Brazil’s billionaires on the rise- Forbes
March 8, 2013, 11:39 am
Víctor Gradin & family are stockholders of Odebrecht, Brazil’s largest construction company with over 150 thousand employees [Getty Images]
Nine newcomers, including three women on the 2013 Forbes World’s Billionaires List are from Brazil, bringing the total number of Brazilian billionaires to forty six.
Some of the new entrants to the Forbes 2013 list include:
- Beer billionaire, Walter Faria is estimated at $4.6 billion by Forbes 2013 rich list. Faria is the leader of the Petropolis Group.
- Daughter of a billionaire father, Ana Maria Marcondes Penido Sant’Anna is estimated at $2.6 billion. She owns shares in CCR Group, Brazil’s largest toll-road company by market value.
- Dirce Navarro de Camargo is Brazil’s richest woman and partially controls CCR.
- Víctor Gradin & family are estimated at $1.5 billion, who are stockholders of Odebrecht, Brazil’s largest construction company with over 150 thousand employees.
- Marcos Antonio Molina dos Santos is estimated at $1 billion. Molina is the founder of Marfrig, the first Brazilian company authorised to export pork products to China. In 2012, as China surpassed the US as Brazil’s main commercial partner, Marfig became the first Brazilian company authorised to export pork products to China. His worldwide company has interests in the US, Argentina, EU, Australia, Paraguay and Uruguay.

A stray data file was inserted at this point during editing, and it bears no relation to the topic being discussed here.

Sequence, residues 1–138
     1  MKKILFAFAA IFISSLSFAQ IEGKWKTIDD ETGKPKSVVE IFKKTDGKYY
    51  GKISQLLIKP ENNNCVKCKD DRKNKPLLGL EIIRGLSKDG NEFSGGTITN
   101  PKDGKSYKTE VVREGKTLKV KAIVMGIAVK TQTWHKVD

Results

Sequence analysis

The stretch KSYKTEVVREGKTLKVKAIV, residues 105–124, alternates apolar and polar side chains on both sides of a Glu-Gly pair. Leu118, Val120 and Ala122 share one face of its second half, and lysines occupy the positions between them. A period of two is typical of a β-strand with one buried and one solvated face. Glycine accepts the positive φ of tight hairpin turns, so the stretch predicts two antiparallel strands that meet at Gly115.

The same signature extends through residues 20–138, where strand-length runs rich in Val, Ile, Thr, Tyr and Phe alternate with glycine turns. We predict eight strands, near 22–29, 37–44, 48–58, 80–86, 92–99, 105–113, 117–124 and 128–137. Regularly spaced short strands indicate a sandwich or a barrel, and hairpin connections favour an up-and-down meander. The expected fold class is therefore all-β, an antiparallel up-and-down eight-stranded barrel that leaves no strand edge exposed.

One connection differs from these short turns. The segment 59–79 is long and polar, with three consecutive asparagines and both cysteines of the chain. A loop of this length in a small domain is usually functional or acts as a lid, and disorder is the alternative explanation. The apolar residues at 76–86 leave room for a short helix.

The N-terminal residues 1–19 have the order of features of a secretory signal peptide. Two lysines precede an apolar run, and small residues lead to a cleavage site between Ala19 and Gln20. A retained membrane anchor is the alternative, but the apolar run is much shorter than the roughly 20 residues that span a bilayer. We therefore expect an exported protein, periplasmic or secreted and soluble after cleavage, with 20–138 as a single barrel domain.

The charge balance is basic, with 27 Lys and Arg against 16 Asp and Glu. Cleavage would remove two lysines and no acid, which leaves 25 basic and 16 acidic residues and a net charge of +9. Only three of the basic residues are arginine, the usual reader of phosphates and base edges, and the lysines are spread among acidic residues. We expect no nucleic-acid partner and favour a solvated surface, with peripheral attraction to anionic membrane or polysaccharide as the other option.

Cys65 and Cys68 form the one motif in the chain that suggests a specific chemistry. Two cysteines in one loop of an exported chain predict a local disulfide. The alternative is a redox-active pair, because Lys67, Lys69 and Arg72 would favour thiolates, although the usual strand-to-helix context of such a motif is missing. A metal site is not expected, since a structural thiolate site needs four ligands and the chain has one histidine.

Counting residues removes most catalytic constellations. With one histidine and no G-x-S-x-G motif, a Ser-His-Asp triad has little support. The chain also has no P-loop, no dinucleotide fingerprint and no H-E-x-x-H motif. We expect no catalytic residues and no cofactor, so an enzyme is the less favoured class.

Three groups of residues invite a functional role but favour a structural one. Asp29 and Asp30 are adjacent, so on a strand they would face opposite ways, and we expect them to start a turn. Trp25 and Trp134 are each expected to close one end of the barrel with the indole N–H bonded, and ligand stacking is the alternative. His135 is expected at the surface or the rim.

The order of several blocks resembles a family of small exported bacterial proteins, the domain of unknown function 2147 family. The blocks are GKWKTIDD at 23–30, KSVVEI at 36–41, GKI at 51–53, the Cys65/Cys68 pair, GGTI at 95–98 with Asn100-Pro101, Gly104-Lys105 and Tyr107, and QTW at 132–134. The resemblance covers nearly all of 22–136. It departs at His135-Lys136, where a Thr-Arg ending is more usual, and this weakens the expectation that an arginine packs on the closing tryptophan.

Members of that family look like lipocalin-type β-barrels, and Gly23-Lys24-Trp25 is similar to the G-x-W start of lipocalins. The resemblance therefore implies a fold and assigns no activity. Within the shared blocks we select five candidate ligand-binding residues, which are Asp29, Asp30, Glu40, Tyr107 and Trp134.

Brazil has attracted investment and attention as the poster child for high-growth emerging economies.
The country has been creating some 19 millionaires a day since 2007, according to a 2011 study.
Brazil was leading the BRICS with an average real GDP growth rate of over 4 per cent from 2004 to 2010 and a strong 7.5 per cent GDP growth in 2010 despite the global downturn.
However, 2012 was a bad year for the country with recently released government numbers revealing that GDP last year was down to 0.9 per cent.
Brazil’s policy makers have been trying to address the gaping income divide between its rich and poor.
The country’s last census points out that 700,000 Brazilian families still live in extreme poverty.
President Dilma Rousseff in February raised the monthly stipend of 2.5 million people living below the poverty line to make good on her promise to eradicate extreme poverty in Brazil.